Sequence analysis of the isolates

The sequences of the isolates were compared with those available in the GenBank database and aligned using the BLASTn algorithm (Basic Local Alignment Search Tool) ( for nucleotides. Sequences of the 16S rRNA gene that presented similarity equal to or greater than 95% were considered to belong to the same Operational Taxonomic Unit (OTU) 1.

Experimental design and statistical analysis

The experiment was carried out in a completely randomised design, with 3 treatments and 5 replicates per treatment, in each opening period (1, 3, 7, 14 and 70 days). The microbial counts were transformed into log10. Variance analysis and multiple comparisons of data were performed using the GLM procedures in SAS. The means were compared using the Kruskal-Wallis test.

Data on culture, DNA extraction, PCR and sequence analysis were performed and discussed through descriptive statistical analysis.


Quantification of lactic acid bacteria in silage

Quantification of lactic acid bacteria populations was estimated at the different opening periods of the silos (1, 3, 7, 14 and 70 days). The lactic acid bacteria showed a rapid multiplication speed, reaching their highest development at 7 days of the fermentation process ( Figure 1, page 120).

SLI = Silage treated with the lyophilised inoculant; SAI = Silage treated with the activated inoculant. SLI = Ensilado tratado con inoculante liofilizado; SAI = Ensilaje tratado con inoculante activado.

Figure 1: Mean growth values of lactic acid bacteria in corn silage in natura and inoculated with Lactobacillus buchneri during different fermentation periods. Figura 1: Valores medios de crecimiento de bacterias lácticas en ensilaje de maíz in natura e inoculado con Lactobacillus buchneri durante diferentes períodos de fermentación.  

Identification of lactic acid bacteria populations in silage

It was observed in this study that a greater number of the isolates (93.34%) were formed by lactic acid-producing strains of the species L. plantarum ( Table 3, page 120).

Table 3: Molecular identification of samples of bacteria of the genus Lactobacillus isolated 70 days after ensilage. Tabla 3: Identificación molecular de muestras de bacterias del género Lactobacillus aisladas a los 70 días del ensilaje.  

With the sequencing of the 16S rDNA fragment produced by PCR using Primers 1492R and p027F, the isolates were closely related to L. plantarum. Figure 2, shows that the PCR products were visualised using agarose gel electrophoresis.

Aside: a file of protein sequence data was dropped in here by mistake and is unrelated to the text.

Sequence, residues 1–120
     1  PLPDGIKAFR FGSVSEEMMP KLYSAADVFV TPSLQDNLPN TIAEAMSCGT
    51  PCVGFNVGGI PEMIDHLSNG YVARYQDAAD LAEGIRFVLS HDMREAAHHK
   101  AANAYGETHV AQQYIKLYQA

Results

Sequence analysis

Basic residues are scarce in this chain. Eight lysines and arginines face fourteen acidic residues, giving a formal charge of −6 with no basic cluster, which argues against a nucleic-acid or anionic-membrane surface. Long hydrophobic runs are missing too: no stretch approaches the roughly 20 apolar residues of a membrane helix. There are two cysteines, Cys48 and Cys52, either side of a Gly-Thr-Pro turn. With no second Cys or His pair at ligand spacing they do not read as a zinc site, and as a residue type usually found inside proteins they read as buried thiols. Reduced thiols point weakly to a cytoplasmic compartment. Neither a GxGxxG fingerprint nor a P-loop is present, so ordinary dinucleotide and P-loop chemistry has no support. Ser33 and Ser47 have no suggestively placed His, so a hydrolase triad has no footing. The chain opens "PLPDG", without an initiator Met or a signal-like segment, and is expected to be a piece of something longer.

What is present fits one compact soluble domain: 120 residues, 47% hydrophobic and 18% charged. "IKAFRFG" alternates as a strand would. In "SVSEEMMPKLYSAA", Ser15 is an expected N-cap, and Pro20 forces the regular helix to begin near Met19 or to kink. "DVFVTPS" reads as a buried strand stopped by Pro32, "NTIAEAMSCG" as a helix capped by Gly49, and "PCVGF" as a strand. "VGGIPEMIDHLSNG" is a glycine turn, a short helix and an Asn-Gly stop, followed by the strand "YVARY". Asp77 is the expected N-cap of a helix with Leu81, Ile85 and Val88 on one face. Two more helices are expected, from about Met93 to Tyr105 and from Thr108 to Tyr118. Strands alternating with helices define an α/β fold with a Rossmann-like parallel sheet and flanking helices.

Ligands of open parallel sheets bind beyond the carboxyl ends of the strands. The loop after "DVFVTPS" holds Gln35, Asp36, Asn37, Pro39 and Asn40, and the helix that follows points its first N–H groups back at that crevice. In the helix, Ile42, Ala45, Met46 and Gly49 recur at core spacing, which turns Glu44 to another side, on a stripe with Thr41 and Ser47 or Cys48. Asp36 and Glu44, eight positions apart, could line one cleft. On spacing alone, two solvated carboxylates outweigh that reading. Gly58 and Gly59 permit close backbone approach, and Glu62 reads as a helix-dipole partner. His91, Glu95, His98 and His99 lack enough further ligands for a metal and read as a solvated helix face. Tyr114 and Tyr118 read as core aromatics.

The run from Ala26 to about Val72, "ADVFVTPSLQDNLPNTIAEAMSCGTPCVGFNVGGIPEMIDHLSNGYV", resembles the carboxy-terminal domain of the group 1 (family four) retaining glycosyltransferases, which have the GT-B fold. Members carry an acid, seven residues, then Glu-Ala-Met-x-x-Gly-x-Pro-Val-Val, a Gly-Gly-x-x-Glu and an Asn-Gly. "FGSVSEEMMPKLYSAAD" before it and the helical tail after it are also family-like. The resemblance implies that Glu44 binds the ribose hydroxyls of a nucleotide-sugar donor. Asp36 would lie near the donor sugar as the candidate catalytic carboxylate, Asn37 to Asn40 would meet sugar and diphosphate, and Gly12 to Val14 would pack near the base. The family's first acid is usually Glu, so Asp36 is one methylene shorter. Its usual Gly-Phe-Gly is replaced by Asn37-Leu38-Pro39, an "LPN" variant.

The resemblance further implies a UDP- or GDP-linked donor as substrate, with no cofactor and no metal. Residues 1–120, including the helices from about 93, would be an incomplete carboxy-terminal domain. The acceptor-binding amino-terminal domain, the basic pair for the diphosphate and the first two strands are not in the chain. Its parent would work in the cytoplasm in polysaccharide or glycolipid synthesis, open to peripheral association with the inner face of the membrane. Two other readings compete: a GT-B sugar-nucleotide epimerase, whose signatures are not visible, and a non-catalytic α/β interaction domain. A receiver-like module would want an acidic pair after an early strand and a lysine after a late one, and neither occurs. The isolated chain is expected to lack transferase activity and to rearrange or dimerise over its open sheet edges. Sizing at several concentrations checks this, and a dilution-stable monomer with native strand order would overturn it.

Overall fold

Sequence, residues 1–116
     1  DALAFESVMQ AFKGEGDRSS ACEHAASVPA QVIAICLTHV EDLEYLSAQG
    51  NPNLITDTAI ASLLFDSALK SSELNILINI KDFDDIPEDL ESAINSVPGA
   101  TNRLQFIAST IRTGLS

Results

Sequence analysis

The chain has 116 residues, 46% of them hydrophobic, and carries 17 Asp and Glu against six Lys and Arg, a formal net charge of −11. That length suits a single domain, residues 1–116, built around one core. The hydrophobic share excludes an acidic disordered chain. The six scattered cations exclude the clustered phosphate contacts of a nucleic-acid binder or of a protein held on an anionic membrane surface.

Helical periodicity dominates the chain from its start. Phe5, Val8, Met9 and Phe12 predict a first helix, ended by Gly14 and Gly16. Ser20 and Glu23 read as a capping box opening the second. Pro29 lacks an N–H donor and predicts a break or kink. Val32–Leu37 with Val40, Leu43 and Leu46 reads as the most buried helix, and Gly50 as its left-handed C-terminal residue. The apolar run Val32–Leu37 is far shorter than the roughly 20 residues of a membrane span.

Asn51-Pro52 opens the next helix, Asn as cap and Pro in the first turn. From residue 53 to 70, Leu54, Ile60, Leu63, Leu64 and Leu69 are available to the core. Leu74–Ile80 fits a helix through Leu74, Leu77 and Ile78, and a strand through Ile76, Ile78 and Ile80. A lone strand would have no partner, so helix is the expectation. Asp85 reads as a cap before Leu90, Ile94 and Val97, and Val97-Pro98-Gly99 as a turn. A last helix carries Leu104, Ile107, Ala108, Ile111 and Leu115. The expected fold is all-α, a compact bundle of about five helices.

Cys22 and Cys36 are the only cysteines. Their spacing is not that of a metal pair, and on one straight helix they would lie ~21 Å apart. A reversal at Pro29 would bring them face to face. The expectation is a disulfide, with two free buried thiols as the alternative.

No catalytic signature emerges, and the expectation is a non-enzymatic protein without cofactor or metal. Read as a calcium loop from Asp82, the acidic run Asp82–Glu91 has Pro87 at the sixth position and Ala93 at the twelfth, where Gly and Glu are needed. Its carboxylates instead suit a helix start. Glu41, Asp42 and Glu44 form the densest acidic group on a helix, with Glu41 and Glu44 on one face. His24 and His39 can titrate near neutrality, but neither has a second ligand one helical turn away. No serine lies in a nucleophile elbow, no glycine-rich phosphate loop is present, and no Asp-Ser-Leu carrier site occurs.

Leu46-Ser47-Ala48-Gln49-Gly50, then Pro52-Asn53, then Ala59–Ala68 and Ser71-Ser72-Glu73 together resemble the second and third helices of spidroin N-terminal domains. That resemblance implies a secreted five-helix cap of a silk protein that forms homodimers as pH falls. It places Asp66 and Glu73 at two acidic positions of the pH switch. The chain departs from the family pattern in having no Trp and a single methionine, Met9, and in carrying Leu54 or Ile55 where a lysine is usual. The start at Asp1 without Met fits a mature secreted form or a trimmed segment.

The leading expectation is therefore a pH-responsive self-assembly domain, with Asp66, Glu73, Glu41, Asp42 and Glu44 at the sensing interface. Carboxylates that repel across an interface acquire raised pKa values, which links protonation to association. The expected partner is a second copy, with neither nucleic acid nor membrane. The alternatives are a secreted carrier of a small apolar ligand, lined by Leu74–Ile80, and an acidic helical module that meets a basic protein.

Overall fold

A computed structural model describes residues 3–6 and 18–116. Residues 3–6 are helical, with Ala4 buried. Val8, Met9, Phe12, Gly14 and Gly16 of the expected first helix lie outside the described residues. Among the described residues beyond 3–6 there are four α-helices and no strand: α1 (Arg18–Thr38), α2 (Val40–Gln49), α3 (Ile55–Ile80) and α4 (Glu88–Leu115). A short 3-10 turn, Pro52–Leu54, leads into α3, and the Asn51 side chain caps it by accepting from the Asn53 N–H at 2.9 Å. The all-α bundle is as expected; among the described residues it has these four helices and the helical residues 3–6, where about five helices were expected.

Figure 2: PCR amplification products for Lactobacilli. Line 1, Molecular marker (100 bp DNA ladder); Line 2, White; Lines 3 to 17, Lactobacillus plantarum. Figura 2: Productos de amplificación por PCR para Lactobacilli. Línea 1. Marcador molecular (escalera de DNA de 100 pb); Línea 2. Blanco; Líneas 3 a 17: Lactobacillus plantarum.  


The silage inoculated with preactivated L. buchneri had the highest values of lactic bacteria populations until the 14 th day of the fermentation period, reaching 11 log CFU / g in the forage at 7 days of fermentation ( Figure 1, page 120). These results corroborate those observed by de Santos et al. (2008) since there was the addition of a larger number of active bacteria, thus facilitating their multiplication. An indication of the presence of heterofermentative bacteria was the reduction of lactic acid concentration, the increase in acetic acid concentration and the reduction of the proportion of lactic and acetic acids. Consequently, the ethanol levels were low at the end of the 70 days of silage 6.

However, the addition of a group of microorganisms as additives at the end of the silage process may not be present. These microorganisms promote changes in the pH value, and the presence of several organic compounds, such as acetic, lactic, butyric, propionic, ethanol, CO 2, and antimicrobial and/or bacteriostatic compounds, also affect the interaction between the various groups of microorganisms 14.

These modifications were desirable considering that the pre-silage material had a dry matter content (26.2%) below that recommended for good-quality silage 16. According to Danner et al. (2003) , lactic acid formation is fundamental to reducing the pH of the silage, causing the selection of microorganisms in the silage mass. However, acetic acid also needs to be formed to ensure that the silage mass has an adequate pH of 3.8-4.2 16, thus providing control of moulds and yeasts. However, when the pH value is reduced too much, it may favour the development of these microorganisms, which causes a decrease in aerobic stability 20.

Although there was no reduction in yeast in the corn silage with lyophilised or activated microbial inoculant, the presence of acetic acid has antifungal action, which reduces the production of other compounds, such as ethanol 22,36, as observed in this study. According to Sadiq et al. (2019) , there is a consensus from the scientific community that organic acids are the main antifungal metabolites of LAB.